Meningitis is a disease caused by an inflammation of the meninges. These are the membranes that surround the brain and spinal cord. The inflammation is usually caused by infection of the fluid surrounding the brain and spinal cord.
There are several types of meningitis with different causes:
Viral (caused by a virus)
Viral meningitis is more common than bacterial meningitis. Meningitis from most viruses is rarely life threatening. But some can cause long-standing nervous system complications or death. Viral meningitis can be caused by different viruses. It is spread between people by coughing or sneezing, or through poor hygiene. Rarely, insects such as mosquitoes and ticks may spread these viruses.
In a few cases, viral meningitis can be helped by special antiviral medicines that target specific viruses. Most people have a full recovery. But headaches, fatigue, and depression may continue.
Bacterial (caused by a bacterium)
Bacterial meningitis, although rare, may be fatal.
Bacteria may be spread through respiratory and throat fluids. This can be through coughing and kissing.
Many species of bacteria can cause meningitis. Below are 4 types:
Neisseria meningitis (meningococcus). This is a common cause of bacterial meningitis in children 2 to 18 years of age. It is spread by respiratory droplets and close contact. Meningococcal meningitis occurs most often in the first year of life. But it may also occur in people who lived in close quarters, such as a college dorm.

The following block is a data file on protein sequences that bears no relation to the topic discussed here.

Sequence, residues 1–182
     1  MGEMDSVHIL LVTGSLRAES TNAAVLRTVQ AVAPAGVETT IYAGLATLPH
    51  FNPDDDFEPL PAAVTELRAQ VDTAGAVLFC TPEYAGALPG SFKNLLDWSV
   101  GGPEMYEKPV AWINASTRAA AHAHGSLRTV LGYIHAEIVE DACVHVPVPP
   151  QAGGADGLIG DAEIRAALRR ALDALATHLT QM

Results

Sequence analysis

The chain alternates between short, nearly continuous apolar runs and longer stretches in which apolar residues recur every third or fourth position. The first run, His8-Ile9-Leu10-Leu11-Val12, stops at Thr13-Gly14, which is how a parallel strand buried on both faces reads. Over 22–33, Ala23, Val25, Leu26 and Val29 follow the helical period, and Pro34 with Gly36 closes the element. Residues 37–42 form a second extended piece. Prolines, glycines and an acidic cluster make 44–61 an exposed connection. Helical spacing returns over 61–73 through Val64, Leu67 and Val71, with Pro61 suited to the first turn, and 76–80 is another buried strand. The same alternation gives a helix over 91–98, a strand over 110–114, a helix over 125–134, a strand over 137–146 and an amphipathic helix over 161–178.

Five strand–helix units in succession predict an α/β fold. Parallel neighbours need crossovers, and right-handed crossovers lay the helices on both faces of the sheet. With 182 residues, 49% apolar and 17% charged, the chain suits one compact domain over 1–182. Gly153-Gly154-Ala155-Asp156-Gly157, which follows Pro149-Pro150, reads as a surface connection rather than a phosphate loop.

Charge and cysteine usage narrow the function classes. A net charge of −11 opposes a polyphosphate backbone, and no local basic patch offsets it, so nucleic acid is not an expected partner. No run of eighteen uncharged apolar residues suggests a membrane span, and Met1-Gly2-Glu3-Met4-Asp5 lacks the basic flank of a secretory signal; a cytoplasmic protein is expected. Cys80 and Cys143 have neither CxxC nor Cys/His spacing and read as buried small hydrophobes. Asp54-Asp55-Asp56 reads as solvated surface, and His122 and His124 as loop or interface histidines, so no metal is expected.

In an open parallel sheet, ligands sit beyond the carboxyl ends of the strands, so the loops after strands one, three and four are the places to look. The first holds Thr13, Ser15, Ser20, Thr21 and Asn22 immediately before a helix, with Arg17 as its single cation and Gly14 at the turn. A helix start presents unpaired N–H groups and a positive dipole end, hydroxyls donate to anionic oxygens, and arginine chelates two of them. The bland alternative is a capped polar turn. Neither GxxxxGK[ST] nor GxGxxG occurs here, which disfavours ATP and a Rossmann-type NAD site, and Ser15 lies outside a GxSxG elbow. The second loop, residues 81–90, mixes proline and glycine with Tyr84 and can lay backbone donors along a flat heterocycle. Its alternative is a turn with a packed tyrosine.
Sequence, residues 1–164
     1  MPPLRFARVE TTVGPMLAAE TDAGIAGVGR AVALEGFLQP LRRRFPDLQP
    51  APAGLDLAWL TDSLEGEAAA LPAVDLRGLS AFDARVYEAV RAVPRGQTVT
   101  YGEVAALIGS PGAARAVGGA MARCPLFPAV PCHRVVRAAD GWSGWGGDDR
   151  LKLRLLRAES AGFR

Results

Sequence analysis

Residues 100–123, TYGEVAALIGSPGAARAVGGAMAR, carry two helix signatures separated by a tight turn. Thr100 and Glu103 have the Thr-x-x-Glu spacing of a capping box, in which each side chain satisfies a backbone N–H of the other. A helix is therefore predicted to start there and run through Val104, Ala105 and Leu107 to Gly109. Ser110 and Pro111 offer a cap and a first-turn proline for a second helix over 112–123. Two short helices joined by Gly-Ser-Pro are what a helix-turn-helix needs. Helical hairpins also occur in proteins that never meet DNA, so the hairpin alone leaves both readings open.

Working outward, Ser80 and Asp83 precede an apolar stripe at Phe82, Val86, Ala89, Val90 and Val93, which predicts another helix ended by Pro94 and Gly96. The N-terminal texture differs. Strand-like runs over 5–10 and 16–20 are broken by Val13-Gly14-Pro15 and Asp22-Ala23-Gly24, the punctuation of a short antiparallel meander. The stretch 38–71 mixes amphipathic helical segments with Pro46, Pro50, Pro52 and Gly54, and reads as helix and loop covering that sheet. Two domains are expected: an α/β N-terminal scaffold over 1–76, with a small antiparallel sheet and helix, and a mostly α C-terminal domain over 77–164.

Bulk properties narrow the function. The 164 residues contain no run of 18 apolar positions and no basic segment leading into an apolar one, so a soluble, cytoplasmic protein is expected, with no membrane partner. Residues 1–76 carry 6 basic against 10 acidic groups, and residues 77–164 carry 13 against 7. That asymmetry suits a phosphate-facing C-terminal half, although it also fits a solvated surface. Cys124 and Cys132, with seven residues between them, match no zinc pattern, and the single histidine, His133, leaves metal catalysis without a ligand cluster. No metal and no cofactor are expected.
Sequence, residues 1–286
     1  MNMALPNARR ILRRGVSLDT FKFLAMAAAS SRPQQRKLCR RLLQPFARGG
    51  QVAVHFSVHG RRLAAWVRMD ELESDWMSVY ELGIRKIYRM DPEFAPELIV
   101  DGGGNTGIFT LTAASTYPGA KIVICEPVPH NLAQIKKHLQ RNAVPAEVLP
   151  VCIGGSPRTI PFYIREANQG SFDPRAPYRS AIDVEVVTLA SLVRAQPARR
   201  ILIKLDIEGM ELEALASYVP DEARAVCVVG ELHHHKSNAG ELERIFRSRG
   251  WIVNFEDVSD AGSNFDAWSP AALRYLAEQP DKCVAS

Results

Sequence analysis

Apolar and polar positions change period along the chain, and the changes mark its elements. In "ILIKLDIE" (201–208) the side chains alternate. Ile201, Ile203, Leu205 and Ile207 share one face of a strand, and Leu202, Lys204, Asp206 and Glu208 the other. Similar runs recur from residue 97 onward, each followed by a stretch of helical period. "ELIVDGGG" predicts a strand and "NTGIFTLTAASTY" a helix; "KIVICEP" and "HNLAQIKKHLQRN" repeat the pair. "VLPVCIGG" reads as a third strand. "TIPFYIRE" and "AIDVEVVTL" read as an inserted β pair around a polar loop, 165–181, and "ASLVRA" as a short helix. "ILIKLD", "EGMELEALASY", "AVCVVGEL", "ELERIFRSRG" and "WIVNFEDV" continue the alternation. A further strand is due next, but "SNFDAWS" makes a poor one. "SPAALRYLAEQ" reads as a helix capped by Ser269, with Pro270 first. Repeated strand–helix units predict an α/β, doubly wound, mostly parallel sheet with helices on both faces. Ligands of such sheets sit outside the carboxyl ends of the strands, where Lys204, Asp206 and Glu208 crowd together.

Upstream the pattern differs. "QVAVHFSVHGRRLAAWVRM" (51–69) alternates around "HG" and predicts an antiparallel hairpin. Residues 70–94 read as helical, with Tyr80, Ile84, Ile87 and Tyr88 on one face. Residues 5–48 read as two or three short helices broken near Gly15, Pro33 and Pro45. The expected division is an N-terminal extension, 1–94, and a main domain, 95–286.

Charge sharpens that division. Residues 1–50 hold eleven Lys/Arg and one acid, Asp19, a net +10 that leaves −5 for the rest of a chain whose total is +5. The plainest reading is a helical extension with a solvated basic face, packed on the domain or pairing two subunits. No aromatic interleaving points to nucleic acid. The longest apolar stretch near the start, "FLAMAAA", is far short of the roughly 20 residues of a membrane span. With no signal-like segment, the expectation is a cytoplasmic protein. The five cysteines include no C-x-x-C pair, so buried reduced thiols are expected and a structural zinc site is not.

Streptococcus pneumoniae (pneumococcus). This is the most common and most serious form of bacterial meningitis. People with weak immune systems are most at risk.
Haemophilus influenzae type b. The hib vaccine has greatly decreased the number of cases in the U.S. Children who don't have access to the vaccine and those in daycare centers are at higher risk of getting this illness.
Listeria monocytogenes. This has become a more frequent cause of meningitis in newborns, pregnant women, people older than age 60, and in people of all ages who have a weak immune system.
Fungal meningitis (caused by a fungus)
Fungal meningitis is very uncommon. It can happen in people with a weak immune system. This might be from AIDS or cancer.
Fungal infections can rarely be caused by medical procedures. This can happen if there is contamination.